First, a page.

Faster Access

“This was the beauty of working with the director of post production Lance Holte at Bandito who could access these negatives directly. Their team could pull negatives and have selects for us in less than an hour instead of the one or two-week turnaround you have from an off-site storage and transcode facility. It really changed the process for us as we never waited around for plates or scans. We also had direct access to the digital negs, so I had the luxury of searching and acquiring specific plates to build out shots that needed several different elements, textures or reference.”

They progressed right into the final VFX workflow, and editorial could begin using those shots to tell the story. If the shots made it all the way to the final cut, they were then ready for the colour grade as well. In this specific case Tony felt that relying on Lance and the Bandito turn-over crew, and working with the scans rather than the conventional Avid temps, during those initial stages made a better workflow.


Exploring with Editorial

Tony feels that much of his team’s success and approach also depended on the editor Paul Rubell, who invited Cantina’s collaboration on many sequences while the cut was still in progress. “Direct access to Paul meant he could explain what he was interested in, and I could then break down the shots knowing exactly what he wanted to explore. It was refreshing not to go back and forth with emails, and avoided misunderstanding. I could walk 20 feet over to his edit bay and we could chat about switching out different takes, staying in a wide view, critical story points he wanted to hit, timing, overall look and feel, or just bounce ideas off of each other,” he said.
For example, through the edit, Scott wanted to convey the passage of time during an important, two-year transition period in the story at the Marshall Motors Garage set. Paul combed through dailies looking for images he could use to communicate this passage of time. After seeing what they were trying to achieve, Tony wanted to try to build out a scene digitally in which they could create the entire shot, revealing this passage of time, using projections on primitive geometry through Cinema 4D. This method would give them enough control over the lighting, the textures and the camera move to make the transition feel as though it occurs over the course of two years.


Reconstructing Time

“We began by fully re-constructing the photographed environment, using it to customize a stylized moment in time that showed our hero environment decay into a broken state of foreclosure. I sat with an assistant editor and found plates we would need for the camera projection. Editorial would pass along an edl of the selects we had chosen, used to pull and post the 4K negatives on the shared server. I also had access to the neg pulls to find the exact perspective I wanted to use.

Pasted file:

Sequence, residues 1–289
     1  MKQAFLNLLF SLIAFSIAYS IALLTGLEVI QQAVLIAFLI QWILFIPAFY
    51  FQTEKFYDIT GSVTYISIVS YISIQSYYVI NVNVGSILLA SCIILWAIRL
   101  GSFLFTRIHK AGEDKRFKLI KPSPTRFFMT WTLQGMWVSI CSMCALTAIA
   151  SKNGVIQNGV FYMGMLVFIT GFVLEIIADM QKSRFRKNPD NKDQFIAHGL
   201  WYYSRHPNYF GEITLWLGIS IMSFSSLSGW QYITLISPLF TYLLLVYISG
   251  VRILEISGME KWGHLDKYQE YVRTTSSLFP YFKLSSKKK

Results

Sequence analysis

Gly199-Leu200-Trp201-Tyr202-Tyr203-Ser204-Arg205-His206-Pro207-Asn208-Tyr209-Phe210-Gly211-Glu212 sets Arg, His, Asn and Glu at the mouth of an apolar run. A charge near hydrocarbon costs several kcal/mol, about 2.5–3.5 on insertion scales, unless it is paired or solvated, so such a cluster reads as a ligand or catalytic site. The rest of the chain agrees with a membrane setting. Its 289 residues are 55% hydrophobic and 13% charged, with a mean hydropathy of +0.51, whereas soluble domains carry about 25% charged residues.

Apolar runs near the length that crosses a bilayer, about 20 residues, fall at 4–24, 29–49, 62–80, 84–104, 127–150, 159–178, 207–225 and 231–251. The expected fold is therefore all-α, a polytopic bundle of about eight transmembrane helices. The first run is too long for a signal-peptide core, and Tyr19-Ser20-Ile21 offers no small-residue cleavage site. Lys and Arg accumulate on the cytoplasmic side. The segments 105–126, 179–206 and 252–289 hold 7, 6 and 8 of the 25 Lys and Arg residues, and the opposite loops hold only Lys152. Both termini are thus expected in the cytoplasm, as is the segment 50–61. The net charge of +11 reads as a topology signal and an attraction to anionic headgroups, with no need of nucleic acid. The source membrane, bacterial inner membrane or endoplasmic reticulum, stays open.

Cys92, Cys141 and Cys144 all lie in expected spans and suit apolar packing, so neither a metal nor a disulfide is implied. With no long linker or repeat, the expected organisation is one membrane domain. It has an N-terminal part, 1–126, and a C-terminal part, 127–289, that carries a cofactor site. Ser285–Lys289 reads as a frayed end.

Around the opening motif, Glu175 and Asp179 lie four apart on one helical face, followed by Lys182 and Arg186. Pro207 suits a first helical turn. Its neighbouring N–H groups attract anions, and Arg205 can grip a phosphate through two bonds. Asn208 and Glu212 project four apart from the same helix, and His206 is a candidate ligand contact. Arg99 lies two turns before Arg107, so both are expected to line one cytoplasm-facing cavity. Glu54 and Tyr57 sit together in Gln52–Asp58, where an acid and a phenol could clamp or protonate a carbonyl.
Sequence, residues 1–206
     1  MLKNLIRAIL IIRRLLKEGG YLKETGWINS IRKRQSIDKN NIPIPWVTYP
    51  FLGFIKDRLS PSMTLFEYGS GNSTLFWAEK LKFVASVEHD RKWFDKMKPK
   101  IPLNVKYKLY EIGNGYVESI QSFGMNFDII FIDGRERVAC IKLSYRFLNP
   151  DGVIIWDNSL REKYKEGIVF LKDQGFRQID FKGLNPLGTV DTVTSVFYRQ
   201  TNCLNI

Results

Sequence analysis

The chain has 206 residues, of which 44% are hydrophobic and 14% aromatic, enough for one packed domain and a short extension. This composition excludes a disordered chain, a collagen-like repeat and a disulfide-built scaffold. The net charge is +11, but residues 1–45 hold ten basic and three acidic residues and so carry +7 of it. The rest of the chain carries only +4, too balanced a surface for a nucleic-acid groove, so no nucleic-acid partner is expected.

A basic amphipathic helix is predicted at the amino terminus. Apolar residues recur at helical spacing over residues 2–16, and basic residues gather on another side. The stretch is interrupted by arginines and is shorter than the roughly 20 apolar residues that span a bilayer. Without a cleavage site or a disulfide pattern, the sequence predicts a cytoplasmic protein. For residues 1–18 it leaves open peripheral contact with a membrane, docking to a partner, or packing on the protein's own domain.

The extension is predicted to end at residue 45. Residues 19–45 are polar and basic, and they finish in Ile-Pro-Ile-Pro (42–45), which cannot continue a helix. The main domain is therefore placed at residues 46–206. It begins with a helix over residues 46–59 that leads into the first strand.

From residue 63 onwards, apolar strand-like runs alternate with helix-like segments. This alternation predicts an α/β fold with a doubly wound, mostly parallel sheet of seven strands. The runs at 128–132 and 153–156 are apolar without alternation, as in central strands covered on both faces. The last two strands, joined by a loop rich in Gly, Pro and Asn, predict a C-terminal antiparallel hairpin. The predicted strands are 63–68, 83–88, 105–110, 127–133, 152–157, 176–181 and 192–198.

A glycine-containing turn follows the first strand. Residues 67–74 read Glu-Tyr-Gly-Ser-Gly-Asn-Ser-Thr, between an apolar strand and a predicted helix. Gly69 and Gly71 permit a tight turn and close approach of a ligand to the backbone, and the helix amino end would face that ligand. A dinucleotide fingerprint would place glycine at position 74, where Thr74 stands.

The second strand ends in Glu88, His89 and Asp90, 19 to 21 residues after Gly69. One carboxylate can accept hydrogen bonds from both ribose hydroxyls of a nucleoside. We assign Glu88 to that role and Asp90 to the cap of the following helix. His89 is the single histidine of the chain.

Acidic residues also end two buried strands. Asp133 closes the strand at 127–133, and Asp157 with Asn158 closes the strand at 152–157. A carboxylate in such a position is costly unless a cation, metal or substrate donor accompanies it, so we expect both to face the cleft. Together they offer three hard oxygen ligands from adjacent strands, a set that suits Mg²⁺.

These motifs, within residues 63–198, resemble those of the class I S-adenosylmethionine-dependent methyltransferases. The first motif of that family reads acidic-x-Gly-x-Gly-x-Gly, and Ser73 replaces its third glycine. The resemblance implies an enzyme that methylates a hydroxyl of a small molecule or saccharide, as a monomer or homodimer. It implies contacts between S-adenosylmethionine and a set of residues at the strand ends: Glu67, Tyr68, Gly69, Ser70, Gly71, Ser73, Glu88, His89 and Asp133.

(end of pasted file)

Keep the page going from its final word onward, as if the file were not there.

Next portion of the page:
“From those plates, the team captured the lens data, the textures and the concept of what we were after. Two of our artists, Stephen Morton and Josh Sprinkling, worked in tandem to camera project textures, shot raw on the Canon C500, with additional custom matte paintings onto geometry within Cinema 4D.”



Cinema 4D’s tools gave enough flexibility to stay true to what Scott envisioned, in an efficient amount of time. But even though the software could span their imaginations, it was important to ground all the 3D aspects within real-world limitations and match the principal photography. Their customized camera move passed through six unique set-ups, giving Scott the ability to pick and cue lighting and then modify the exact transitions later in compositing.

Race Time

“As we were dealing with a race car movie, we spent a lot of time creating speed effects, always using realistic speeds because as soon as the cars were moving too fast, it started to look like an old Keystone Cops movie. Any speed effects had to be subtle and designed alongside camera shake - the camera shake needs to be applied after the speed effect, in that order.

“Once you get the shake going, speed effects often need re-adjusting, and once you get that mixture right you need to re-introduce the motion blur. We worked carefully with Scott on this and landed on using a 90 degree shutter on our camera shake, and rippled this though hundreds of shots, each sequence having different degrees. It was a fine balance and was important to get right from the beginning.”


They found many opportunities to make their effects work with the edit. They were able to present multiple options for achieving specific effect, with a time frame, and then manage the process together while the edit was still open. Another example involved graphic elements. While cutting to a blank monitor, editorial had to allocate a beat of time or a moment to tell the story. As the edit got closer to locking, the animation of those graphics needed to be plugged into the edit.